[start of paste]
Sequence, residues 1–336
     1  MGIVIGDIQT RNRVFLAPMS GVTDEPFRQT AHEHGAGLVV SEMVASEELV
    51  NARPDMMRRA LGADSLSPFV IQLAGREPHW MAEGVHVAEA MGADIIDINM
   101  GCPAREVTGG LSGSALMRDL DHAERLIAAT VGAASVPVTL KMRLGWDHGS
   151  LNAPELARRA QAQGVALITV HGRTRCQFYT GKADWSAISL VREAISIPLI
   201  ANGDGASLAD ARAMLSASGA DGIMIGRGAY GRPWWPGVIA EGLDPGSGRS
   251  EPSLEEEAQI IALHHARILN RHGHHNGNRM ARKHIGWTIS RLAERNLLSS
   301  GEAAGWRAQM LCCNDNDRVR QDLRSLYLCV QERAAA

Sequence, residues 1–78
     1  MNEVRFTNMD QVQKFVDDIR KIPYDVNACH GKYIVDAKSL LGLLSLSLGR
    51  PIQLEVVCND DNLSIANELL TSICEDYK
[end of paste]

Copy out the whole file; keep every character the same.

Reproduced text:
Sequence, residues 1–336
     1  MGIVIGDIQT RNRVFLAPMS GVTDEPFRQT AHEHGAGLVV SEMVASEELV
    51  NARPDMMRRA LGADSLSPFV IQLAGREPHW MAEGVHVAEA MGADIIDINM
   101  GCPAREVTGG LSGSALMRDL DHAERLIAAT VGAASVPVTL KMRLGWDHGS
   151  LNAPELARRA QAQGVALITV HGRTRCQFYT GKADWSAISL VREAISIPLI
   201  ANGDGASLAD ARAMLSASGA DGIMIGRGAY GRPWWPGVIA EGLDPGSGRS
   251  EPSLEEEAQI IALHHARILN RHGHHNGNRM ARKHIGWTIS RLAERNLLSS
   301  GEAAGWRAQM LCCNDNDRVR QDLRSLYLCV QERAAA

Sequence, residues 1–78
     1  MNEVRFTNMD QVQKFVDDIR KIPYDVNACH GKYIVDAKSL LGLLSLSLGR
    51  PIQLEVVCND DNLSIANELL TSICEDYK